GREENVILLE, S.C. (AP) -- A federal jury that must decide whether a South Carolina state trooper deliberately rammed a fleeing suspect with his patrol car watched a video of the incident Tuesday, and heard the officer bragging about the collision.
"Yeah, I hit him. I was trying to hit him," Lance Cpl. Steven Garren was heard on the video speaking to a sheriff's deputy.
Despite Garren's boasting, his lawyer argued that the trooper tried to avoid hitting Marvin Grant, who was running from police after a traffic stop in June 2007.
Garren is charged with using unreasonable force and depriving Grant of his civil rights. Garren is white; Grant is black.
If convicted, the suspended officer could face up to 10 years in prison and a $250,000 fine.
The officer's dashboard camera captured the chase and shows Grant flipping over the patrol car's hood as he is struck. As the jury watched the footage, the sound of sirens and images of flashing police lights filled the courtroom.
During testimony, two Greenwood County sheriff's deputies also said Garren bragged about hitting Grant. Sgt. Derrick Smith recalled asking the trooper about striking the suspect.
"I nailed the (expletive) out of him," Smith said the trooper told him. "Yeah, I was trying to."
The other deputy, Brad Ware, said he called his supervisor because he was worried Grant may have been injured.
Grant told jurors that he cut in front of the cruiser when he saw an opening in the woods. The patrol car knocked him down, but he "just bounced right up and kept running," Grant said. "I wasn't thinking about no pain."
Grant said he began to hurt a short distance later and couldn't run anymore. Authorities couldn't find him.
A day later, Grant said he tried to turn himself in, but an officer told him they would call if he was wanted. The call never came, and Grant didn't face any charges.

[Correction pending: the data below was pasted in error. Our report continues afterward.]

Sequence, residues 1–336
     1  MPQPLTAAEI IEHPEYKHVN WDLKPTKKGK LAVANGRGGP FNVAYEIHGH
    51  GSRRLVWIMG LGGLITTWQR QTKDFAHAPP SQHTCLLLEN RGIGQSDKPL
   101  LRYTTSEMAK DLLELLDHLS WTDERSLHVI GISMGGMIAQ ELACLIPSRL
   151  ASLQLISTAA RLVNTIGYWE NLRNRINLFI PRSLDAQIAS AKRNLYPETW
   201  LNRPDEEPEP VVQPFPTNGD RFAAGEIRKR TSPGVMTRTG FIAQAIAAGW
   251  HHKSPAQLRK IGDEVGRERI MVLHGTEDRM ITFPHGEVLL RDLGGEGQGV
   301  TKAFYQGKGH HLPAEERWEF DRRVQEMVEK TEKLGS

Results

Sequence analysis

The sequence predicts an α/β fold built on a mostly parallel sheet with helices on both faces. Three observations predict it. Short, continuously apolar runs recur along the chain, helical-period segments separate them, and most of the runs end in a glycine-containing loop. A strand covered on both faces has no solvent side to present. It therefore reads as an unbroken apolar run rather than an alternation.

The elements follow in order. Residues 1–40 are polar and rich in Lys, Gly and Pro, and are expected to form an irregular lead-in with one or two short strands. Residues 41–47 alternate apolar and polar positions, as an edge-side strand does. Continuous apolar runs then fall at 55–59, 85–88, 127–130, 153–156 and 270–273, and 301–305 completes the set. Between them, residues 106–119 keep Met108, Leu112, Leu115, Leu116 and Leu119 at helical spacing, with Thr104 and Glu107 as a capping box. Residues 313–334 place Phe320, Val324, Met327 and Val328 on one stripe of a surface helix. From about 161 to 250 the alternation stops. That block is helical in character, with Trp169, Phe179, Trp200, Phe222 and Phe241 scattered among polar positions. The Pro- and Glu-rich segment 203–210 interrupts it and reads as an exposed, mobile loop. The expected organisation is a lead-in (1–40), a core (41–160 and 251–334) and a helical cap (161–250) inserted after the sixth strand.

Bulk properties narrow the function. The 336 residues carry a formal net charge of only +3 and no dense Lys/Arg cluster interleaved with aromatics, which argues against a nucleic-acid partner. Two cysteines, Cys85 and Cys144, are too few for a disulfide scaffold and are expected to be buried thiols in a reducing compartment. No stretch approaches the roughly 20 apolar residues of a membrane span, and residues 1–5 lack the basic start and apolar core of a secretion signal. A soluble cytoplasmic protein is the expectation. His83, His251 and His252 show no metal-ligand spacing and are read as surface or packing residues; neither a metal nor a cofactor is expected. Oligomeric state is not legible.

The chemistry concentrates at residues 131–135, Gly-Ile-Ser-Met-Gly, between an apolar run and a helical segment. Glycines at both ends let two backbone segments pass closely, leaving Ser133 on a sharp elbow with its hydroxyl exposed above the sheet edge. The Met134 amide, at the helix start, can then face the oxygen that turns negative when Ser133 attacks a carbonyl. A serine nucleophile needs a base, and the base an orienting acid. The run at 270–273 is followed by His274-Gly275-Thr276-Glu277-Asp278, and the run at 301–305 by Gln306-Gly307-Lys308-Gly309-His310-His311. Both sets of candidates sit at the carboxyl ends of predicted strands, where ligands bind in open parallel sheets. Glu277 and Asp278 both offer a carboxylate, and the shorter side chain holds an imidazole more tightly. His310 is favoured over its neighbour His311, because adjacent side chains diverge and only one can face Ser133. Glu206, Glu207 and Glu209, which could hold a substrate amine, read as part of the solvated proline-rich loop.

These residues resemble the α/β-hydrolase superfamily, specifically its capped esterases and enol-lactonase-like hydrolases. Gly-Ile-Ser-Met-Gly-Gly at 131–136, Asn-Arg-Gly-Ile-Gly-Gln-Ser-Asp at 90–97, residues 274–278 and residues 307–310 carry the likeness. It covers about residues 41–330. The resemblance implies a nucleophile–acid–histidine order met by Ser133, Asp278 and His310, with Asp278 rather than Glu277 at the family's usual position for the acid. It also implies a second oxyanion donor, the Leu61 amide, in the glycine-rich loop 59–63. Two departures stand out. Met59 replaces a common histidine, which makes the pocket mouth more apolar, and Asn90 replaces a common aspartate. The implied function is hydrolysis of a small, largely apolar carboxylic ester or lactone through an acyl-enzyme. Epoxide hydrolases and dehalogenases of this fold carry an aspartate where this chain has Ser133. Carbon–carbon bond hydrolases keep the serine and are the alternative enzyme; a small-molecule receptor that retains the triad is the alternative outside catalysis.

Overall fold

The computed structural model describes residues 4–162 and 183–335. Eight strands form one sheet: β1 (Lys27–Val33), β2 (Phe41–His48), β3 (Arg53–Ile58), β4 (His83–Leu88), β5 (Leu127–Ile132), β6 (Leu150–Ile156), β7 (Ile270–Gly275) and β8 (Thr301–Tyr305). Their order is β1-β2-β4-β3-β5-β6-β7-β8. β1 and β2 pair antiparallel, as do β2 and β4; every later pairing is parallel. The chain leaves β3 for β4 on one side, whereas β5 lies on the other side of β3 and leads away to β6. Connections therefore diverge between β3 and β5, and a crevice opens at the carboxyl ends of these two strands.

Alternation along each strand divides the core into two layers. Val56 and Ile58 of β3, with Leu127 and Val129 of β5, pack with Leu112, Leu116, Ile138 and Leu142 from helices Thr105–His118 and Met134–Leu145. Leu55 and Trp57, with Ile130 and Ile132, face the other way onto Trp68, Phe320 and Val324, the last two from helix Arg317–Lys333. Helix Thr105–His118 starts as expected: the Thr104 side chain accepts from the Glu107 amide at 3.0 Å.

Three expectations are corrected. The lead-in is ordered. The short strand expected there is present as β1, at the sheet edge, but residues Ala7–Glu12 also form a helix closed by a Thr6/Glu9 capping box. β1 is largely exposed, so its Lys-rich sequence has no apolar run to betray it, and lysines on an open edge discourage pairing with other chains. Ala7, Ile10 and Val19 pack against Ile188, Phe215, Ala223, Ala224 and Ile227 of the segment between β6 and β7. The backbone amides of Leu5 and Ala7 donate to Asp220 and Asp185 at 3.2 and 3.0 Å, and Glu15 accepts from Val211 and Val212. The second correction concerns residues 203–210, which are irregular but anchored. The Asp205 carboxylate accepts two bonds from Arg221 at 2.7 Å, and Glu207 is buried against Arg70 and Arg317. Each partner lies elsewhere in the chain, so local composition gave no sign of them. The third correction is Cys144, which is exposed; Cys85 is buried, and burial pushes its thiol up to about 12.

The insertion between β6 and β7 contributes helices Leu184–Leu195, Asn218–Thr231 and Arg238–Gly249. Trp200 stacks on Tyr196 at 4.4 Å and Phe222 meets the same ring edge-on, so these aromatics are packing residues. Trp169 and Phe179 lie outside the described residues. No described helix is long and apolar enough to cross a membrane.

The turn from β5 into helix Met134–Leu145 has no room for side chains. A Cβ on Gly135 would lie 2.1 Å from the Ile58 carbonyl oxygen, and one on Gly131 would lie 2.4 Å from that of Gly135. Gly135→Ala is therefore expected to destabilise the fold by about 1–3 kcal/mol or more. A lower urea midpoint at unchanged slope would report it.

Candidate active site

Grant said he spent three weeks on crutches, but he never saw a doctor. He is currently in jail for failing to pay child support.
O'Leary said in his opening arguments that Garren was just doing his job.
"He was pursuing a criminal and now they want to make him a criminal," O'Leary told jurors. "There was no way - no way - he could have avoided hitting him."
O'Leary also showed jurors a video of Garren handling a domestic violence complaint, saying it was an example of the officer responding calmly and professionally to tense situations.
Garren's trial is the first of two federal civil rights trials to come from a spate of police videos that showed questionable tactics by South Carolina troopers. The videos and how supervisors treated the officers on them brought the ousters of the heads of the Highway Patrol and Department of Public Safety earlier this year.
Garren was initially suspended for three days. He has been suspended since his federal indictment in June.
The videos have drawn scrutiny from the National Association for the Advancement of Colored People and the state's Legislative Black Caucus, which helped bring the videos to the public's attention.